3 Questions Not to Ask in Interviews

Medically complex health & nursing jobs require good interviewing skills. Asking the wrong questions in an interview may lead to making the wrong decision in your choice of a new staff member for your health team. It can cost your health clinic, hospital section or business in lost time, performance management review process or lack of productivity. As a result, many health employers will approach the interview process with some caution.

It is important to take enough time to set aside and carefully review the requirements for health roles, the skills, and experience required in the health sector and prepare a good set of interview questions that will help you find the right person, with the right skills and experience for that health job.

Unfortunately, many managers are either inexperienced in interviewing or replace good preparation with emotions and gut feel, rather than a structured and disciplined interview process. While people may be hired on knowledge and skills typically they may also be terminated on personality, mental ability, and attitude.

The health sector such as health administration, medical and nursing jobs is highly complex and regulated. The key to asking good questions in an interview is to relate a question to the ability of the person to do the job and avoid discrimination when recruiting talent.

Do not ask these three types of questions in interviews in the Health Sector.

(1) Don’t ask vague questions
Avoid asking vague questions that lead to answers based on opinions. Past behavior is a good predictor of future behavior, it is best to ask applicants for examples of past behaviors in similar situations.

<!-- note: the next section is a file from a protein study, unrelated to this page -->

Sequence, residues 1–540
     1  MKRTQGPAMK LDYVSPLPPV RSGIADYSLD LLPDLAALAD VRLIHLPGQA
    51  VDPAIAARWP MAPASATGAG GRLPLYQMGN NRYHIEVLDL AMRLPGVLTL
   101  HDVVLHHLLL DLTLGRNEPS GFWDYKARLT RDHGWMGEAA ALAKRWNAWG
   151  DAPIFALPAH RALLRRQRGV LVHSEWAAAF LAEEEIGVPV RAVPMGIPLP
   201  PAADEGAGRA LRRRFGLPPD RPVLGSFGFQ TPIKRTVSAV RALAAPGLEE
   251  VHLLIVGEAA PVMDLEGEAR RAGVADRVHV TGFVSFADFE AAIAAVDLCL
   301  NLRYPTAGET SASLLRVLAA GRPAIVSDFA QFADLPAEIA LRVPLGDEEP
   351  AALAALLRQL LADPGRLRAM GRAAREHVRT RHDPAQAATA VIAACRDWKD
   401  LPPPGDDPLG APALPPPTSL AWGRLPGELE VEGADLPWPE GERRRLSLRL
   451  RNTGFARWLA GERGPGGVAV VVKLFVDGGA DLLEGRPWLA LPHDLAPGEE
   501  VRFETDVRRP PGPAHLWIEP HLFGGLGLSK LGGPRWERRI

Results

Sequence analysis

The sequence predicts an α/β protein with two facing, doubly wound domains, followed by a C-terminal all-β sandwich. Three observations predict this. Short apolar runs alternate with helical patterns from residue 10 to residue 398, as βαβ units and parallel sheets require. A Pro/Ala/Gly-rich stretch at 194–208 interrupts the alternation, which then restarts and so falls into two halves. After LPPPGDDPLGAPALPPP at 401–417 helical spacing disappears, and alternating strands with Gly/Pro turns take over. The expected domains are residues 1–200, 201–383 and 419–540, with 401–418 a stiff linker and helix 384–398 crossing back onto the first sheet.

(2) Don’t ask a persons age or marital status
Avoid these sensitive questions as well as asking about the family situation and home responsibilities. This may be considered discriminatory and would be breaching anti-discrimination legislation. For example, explain if you require age for non-discriminatory reasons

(3) Don’t use vague language
Avoid vague language that begins with: “are you or do you.” Ask questions that encourage applicants to describe specific events. Questions such as, “Tell me about a time you solved a problem within your health team?” On the other hand, if you want to encourage asking about achievements, keep the question broad to allow the person to demonstrate relevant abilities or skills used such as, “Tell me about your greatest achievement.”

In the health industry it is important to prepare for the interview, create a good set of interview questions that relate to the requirements of the job is the key.

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